RALEIGH — After more than a year marked with controversy that brought national attention to Wake County's public schools, the system entered a new era Tuesday with the swearing-in of Tony Tata, a former brigadier general and lifelong lover of education.
Tata, 51, becomes the system's eighth superintendent since the merger of city and county schools in the 1970s. He received a warm welcome at the swearing-in, as even board members who had opposed his selection expressed willingness to work with him.
Some who spoke during a public comment period Tuesday, however, still linked the board which picked Tata to negative national publicity - including a harsh parody by comedian Stephen Colbert - which has portrayed Wake as resegregating its schools. But to the Republican majority, having Tata lead the system seemed to be a dream come true.
"As a parent of children that have both graduated from and are currently in the Wake County school system, I simply say thank you," said board Vice Chairwoman Debra Goldman, who also led the committee that picked Tata.
The new superintendent, who spent the past 19 months as chief operating officer of the District of Columbia schools, was sworn in by Judge Douglas McCullough of the state Court of Appeals. The audience included members of the Wake Board of Commissioners, Rep. Rosa Gill, several Wake County mayors and members of Tata's family.
"We've taken on a large challenge, and we are going to see it through," Tata said, noting that controversy has come in reaction to his less than two years' experience as an executive in education.
Tata's arrival occurs during a protracted and heated discussion about the direction of the growing 143,000-student system.
"I think the noise level has been an indication of how much people in Wake County care about education," Tata said.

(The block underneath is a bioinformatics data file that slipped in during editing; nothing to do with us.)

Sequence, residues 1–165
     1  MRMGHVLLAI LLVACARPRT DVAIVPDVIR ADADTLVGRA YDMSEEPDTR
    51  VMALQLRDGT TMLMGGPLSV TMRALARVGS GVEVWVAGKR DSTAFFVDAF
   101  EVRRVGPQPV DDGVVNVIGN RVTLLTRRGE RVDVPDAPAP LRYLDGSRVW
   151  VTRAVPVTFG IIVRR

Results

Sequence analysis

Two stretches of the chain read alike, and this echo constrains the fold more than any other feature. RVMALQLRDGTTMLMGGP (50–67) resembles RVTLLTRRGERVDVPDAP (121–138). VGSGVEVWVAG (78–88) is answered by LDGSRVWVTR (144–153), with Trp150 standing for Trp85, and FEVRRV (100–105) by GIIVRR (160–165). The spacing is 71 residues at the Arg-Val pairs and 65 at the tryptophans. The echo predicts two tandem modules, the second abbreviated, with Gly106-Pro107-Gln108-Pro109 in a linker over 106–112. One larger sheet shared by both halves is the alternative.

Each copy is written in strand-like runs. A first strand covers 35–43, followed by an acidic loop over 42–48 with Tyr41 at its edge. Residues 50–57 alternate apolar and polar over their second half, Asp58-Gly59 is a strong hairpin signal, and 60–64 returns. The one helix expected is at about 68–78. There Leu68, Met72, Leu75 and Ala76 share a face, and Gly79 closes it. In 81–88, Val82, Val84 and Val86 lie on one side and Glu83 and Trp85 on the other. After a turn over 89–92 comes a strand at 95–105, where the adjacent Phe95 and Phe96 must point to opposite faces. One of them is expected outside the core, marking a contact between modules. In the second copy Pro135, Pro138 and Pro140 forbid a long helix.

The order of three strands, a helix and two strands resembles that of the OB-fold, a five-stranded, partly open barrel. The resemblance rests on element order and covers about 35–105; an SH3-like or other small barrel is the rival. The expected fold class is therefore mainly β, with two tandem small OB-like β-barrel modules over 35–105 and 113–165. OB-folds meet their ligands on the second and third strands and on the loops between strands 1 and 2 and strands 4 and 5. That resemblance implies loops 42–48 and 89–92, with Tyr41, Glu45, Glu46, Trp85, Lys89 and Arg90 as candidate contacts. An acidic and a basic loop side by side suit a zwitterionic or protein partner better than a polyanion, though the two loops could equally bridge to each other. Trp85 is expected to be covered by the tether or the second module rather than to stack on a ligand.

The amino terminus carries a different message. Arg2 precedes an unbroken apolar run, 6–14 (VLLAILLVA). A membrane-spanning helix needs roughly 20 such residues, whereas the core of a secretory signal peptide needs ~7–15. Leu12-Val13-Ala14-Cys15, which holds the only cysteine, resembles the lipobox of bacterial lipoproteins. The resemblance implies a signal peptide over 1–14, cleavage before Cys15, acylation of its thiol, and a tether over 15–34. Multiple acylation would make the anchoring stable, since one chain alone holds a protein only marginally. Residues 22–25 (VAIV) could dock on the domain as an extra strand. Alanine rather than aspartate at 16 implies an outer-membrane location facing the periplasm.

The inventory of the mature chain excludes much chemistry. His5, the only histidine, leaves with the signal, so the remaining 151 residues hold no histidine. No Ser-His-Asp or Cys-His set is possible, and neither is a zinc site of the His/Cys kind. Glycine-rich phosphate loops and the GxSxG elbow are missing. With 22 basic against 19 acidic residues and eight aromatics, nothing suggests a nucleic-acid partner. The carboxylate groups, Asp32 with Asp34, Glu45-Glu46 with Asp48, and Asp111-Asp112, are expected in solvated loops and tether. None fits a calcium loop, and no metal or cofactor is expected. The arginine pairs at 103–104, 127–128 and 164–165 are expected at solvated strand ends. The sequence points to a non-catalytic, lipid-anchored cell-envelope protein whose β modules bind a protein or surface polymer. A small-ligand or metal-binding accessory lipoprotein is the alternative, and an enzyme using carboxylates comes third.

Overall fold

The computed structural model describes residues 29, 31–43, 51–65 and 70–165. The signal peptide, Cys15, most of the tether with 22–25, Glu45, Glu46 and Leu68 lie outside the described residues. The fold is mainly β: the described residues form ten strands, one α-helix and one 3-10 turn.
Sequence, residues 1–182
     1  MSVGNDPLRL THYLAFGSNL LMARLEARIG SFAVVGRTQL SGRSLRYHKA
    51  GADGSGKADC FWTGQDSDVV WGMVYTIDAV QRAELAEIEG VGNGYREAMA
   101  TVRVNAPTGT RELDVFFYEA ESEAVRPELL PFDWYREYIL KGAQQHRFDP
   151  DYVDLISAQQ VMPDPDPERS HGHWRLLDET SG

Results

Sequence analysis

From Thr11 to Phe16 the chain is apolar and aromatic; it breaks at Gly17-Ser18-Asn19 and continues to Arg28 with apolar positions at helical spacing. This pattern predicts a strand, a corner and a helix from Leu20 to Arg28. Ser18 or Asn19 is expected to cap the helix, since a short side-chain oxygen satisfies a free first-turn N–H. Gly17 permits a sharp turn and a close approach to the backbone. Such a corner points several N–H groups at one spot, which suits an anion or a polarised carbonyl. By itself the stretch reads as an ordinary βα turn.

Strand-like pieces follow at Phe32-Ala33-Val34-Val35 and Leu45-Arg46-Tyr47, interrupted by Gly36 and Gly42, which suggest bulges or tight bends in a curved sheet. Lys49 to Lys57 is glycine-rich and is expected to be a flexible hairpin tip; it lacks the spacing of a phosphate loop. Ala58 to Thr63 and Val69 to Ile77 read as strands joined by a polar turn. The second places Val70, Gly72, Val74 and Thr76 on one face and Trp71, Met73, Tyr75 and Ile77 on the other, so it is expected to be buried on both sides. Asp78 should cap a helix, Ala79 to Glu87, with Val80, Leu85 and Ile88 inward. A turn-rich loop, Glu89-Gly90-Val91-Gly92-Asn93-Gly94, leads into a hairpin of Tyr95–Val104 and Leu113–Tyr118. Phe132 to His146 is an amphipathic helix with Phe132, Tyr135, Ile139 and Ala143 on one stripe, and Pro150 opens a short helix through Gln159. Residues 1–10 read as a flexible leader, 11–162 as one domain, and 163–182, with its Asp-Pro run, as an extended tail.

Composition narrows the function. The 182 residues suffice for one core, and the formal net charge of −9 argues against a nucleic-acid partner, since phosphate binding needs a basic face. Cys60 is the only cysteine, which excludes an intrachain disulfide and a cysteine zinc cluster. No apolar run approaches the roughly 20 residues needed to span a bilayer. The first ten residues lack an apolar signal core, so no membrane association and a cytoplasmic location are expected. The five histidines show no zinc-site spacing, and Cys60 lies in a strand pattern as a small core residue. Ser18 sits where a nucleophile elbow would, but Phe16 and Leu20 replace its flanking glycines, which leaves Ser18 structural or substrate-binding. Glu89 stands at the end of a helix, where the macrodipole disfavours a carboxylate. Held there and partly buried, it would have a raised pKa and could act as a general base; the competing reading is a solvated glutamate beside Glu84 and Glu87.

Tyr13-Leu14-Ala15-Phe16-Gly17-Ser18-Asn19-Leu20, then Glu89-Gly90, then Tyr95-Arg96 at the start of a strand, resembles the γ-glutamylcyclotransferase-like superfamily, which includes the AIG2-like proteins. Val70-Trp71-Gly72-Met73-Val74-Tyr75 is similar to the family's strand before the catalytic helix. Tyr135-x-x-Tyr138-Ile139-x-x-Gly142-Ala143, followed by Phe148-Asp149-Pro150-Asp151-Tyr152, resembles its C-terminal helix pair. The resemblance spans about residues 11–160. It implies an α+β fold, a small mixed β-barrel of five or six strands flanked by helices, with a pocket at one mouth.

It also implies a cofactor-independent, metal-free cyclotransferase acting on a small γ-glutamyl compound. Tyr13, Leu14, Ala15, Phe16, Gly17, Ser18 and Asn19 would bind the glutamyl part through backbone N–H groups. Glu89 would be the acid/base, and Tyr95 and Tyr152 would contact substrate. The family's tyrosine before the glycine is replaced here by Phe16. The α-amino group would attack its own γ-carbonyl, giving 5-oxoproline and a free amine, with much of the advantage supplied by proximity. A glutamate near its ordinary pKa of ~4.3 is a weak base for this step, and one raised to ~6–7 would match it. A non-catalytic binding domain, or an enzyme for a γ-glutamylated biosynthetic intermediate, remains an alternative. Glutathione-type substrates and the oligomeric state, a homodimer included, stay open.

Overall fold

Praise from a student
He received kudos from the officials and an early positive verdict from an Enloe High School student.
"His speech impressed me, and I am excited that he is passionate about our school system and that he cares and is intelligent," said Enloe sophomore Lauren Frey, 15.
Board member John Tedesco, who has provided much of the energy for the board's transformational approach, called it "an honor and a bit of a humbling experience for you to join our ranks."
But John Little, a retired history professor, warned Tata that the board's policy of embracing neighborhood schools would lead to resegregation.
"Do we really want to retreat to that?" Little asked. "The affluent schools will probably fare OK, but at great cost."
Gill, a former Wake school board member, joined other supporters of the old diversity policy in praising Tata now that he's on the job.
"If he can do what he says and raise academic achievement, we can move forward here in Wake County," Gill said.
In his first week on the job, Tata faces a projected $100 million budget shortfall, separate investigations by federal investigators and an international accrediting agency, and interlocking questions about what to do about busing, student assignment, magnet schools and the clustering of high-poverty populations at some inner-city schools. The 28-year military veteran said he's ready.
"I will make the tough decisions that this position demands," Tata said.
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